A cunning plan was hatched, one that was immortalised in a 1953 film Albert R.N. starring Jack Hawkins.

Always Worth Saying, Going Postal
Albert R.N. (taps nose).
Albert R.N.
Fair use via Wiki Commons

Albert was a disassemblable colleague, crafted with the help of war artist Worsley, that could be smuggled into the showers in bits, assembled and, from an obergruppen tallyman’s distance, appear to make up the numbers in a headcount. In late 1944, James escaped again, this time disguised as a Swedish merchant seaman.

The plan went well until, while sticking to his cover in a bar, a German addressed him in Swedish explaining he’d lived in Sweden for many years before the war. Fortunately, James could speak the language fluently. Aged 17, he’d sailed around the world on a 4-masted Eriksson windjammer called the Viking.

Following a successful escape, James presented himself to a British Military attache in Stockholm. A communication dated 8th March 1944 from our Embassy to the Admiralty, summarised his escapade and concluded,

“He is a resourceful young man, however, and well worth the £200 he looks like costing us for his passage.”

Back in England and with the war still raging, given James’ experience and knowledge of escape, forgery, disguise, the ports of the Baltic and his fluency in German and Swedish, the Senior Service sent him to …. Antarctica.

As part of Operation Tabarin, meant to shore up Britain’s claim to the Falkland Islands and parts of the Antarctic continent, he wintered in Graham Land and proceeded to Hope Bay at 63o 23′ South, working as a surveyor. A 1,390ft conical mountain called James Nunatak is named after him. A nunaket being an outcrop of rock from an ice field or glacier.

Always Worth Saying, Going Postal
Hope Bay, Antacrtica.
Stone hut of the swedish Antarctic Expedition at Hope Bay,
Samuel August Duse
Public domain

At the end of the war, his adventure continued as he became an advisor to the 1948 film Scott of the Antarctic and starred as a body double in some long-distance shots. He wrote a book about the experience entitled Scott of the Antarctic: The Film and Its Production. The following year he published That Frozen Land: The Story of a Year in the Antarctic.


Having had a good war, he returned to England and began a life more ordinary. Marrying in May 1950, his bride was Jaquetta Mary Theresa Digby, 9 years his junior and daughter of Edward Kenelm Digby, 11th Baron Digby. Simultaneously he became one of the Churchills, his wife’s sister being Pamela Churchill Harriman, first wife of Randolph Churchill, a subsequent spouse of W. Averell Harriman and eventually Bill Clinton’s US Ambassador to France.

During the following eight and a half years of their marriage, Jaquetta presented the now author and publishing executive with six children – four boys, two girls.

His written works also included Wavy Navy, Some Who Served, co-authored with James Lennox Kerr, a fellow naval reservist mentioned in despatches at Omaha beach. ‘Wavy’ references the wavy gold braid on naval reservists cuffs which distinguishes them from regular Royal Navy officers and no doubt helps to baffle the likes of the Afrika Korps and Hitler Youth.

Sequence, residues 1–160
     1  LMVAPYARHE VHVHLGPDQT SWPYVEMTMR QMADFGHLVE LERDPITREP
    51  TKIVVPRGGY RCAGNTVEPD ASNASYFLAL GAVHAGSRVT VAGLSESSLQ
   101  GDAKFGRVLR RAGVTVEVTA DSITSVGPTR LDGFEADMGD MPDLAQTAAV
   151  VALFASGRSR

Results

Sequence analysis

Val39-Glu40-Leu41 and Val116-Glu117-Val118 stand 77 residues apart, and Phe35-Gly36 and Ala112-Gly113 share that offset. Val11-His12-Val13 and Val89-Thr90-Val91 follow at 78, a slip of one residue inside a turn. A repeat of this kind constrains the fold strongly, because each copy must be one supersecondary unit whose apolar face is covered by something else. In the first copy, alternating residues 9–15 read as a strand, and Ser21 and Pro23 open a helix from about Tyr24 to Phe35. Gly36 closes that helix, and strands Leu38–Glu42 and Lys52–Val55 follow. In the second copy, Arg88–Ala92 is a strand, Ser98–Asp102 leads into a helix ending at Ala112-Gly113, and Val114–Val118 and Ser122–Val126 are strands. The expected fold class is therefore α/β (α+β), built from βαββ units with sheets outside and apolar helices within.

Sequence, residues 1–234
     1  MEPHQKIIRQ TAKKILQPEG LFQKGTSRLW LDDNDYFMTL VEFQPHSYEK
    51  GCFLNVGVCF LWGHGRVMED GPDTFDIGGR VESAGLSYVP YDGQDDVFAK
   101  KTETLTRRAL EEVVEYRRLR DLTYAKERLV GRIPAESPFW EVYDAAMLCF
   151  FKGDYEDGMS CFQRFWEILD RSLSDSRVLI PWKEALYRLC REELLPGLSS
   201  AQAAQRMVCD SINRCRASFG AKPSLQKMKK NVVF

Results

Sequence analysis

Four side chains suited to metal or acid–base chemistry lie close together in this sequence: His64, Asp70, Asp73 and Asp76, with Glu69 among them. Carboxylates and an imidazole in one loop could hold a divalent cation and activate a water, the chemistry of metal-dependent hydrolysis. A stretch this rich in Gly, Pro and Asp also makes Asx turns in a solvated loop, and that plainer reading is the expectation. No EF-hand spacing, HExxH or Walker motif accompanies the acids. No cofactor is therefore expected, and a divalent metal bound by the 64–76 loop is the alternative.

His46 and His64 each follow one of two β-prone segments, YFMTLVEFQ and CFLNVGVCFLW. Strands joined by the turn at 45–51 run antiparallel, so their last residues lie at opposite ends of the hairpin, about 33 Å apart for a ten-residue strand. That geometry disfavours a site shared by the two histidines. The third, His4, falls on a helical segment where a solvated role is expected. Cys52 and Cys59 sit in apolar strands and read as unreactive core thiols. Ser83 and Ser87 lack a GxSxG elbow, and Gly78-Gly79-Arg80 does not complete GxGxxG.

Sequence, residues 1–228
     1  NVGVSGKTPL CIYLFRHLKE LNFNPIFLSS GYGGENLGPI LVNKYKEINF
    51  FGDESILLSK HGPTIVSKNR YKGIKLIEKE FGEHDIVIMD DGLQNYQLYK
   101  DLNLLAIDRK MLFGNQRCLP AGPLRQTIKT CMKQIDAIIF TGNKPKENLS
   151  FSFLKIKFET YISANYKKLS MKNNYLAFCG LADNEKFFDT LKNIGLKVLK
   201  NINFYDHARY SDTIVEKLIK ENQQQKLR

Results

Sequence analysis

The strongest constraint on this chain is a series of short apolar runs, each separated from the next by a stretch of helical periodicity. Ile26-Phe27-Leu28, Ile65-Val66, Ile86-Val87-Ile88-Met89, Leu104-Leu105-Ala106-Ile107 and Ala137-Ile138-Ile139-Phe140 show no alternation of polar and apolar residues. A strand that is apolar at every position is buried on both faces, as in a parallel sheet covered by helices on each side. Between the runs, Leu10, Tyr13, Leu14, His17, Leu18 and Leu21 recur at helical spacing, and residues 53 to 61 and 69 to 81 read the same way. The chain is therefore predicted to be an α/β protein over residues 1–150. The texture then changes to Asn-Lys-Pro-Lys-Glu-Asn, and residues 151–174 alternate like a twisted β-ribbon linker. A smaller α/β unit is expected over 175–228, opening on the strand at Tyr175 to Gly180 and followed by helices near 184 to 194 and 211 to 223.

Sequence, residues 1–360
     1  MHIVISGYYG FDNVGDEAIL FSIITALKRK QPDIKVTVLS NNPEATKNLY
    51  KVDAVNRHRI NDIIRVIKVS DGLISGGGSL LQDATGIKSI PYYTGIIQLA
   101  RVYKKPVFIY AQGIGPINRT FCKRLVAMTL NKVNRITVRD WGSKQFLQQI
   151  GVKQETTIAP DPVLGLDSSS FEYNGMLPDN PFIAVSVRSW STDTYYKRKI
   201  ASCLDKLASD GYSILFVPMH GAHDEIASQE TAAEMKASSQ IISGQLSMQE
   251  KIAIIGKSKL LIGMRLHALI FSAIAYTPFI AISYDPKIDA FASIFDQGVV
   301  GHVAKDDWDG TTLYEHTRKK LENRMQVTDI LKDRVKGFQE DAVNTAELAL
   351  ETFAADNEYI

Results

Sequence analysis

Outward Bound opened with a foreword by the Duke of Edinburgh. In Praise of Fox Hunting was a series for The Field. Added to these was his own wartime biography entitled Prisoner’s Progress.

James was the official biographer of Field Marshal Frederick Sleigh Roberts, 1st Earl Roberts, VC, KG, KP, GCB, OM, GCSI, GCIE, VD, PC, FRSGS (known as Roberts of Kandahar) whose life, never mind yours and mine, made Leuitenant James’ seem rather dull. Born in Cawnpore, India, the Field Marshall died touring trenches during the First World War – aged 82.

In 1959, James became Conservative Member of Parliament for Brighton Kempton.

Partway through his Parliamentary term, he was stalked and ambushed on a February morning at Victoria Station’s ticket barrier after arriving in town on the 08:54 from Haywards Heath. The assailant? TV presenter Eamonn Andrews armed with the big red This is Your Life book.

During the programme, James was re-acquainted with Captain Uno Morn of the Viking, Able Seaman John Baker of stricken MGB 79, Paul Shadrich the Lübeck policeman who recaptured him and tailor John Wells who, in the interim, had become Lord Mayor of Westminster.

Also in that series of This is Your Life; Max Bygraves (fitter in the RAF), Charlie Drake (RAF), Cocco the Clown (conscripted to both the Red and White armies during the Russian Revolution), Dora Bryan (ENSA) and Acker Bilk (National Serviceman, Suez Canal Zone). Different times.

Interested in the existence of the Loch Ness Monster, in 1962 David James MP co-founded the Loch Ness Phenomena Investigation Bureau with Sir Peter Scott, naturalist and son of Sir Robert Falcon Scott of the Antarctic.

In the 1964 general election, Brighton Kemptown was lost to Labour after a record seven recounts there being only seven votes between the parties.

During the same year, the large family were pictured in The Field. Oddly boxed within an article about shooting migrating gazelle in the 17-mile gap between Fort Leelli and Moranyyuang, a kilted Mr James stood with his wife before his ivy-clad Wivelsfield Green Sussex home behind an unnamed rat-catcher (standing) and a golden Labrador (recumbent). Alongside were his six children; Patsy, aged eleven, Kenny, one and a half, Christopher, six, Michael, eight, Dianna (astride a pony called Delphi), ten, and Peter, twelve.

At the time, their proud father was a trustee of the National Maritime Museum, a council member of the Fauna Preservation Society, Outward Bound Trust and British Field Sports Society.

In 1970 he returned to parliament, this time elected as MP for North Dorset which he represented until standing down at the 1979 election. Also in 1979, he changed his surname to Guthrie-James to mark the connection between Clan Guthrie and his family home of Torosay Castle on the Isle of Mull.

After a brief retirement, he died on 15th December 1986. His widow, the Hon. Mrs James, passed in 2019, aged 91.

Eamonn Andrews shall have the last word,

“David James, this book salutes a vivid figure of the present era whose zestful spirit recalls the gay adventures of the past and sets a bright example to those whose future lies in the New Elizabethan Age.”

Always Worth Saying, Going Postal
David Pelham Guthrie-James, MBE, DSC (1919–1986) .
David Guthrie-James in 1959,
Walter Bird
Licence CC BY-SA 4.0

References & Further Reading

Eric Williams, Great Escape Stories

Fred Brownbill, Navy SEAL death a true tragedy

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The Goodnight Vienna Audio file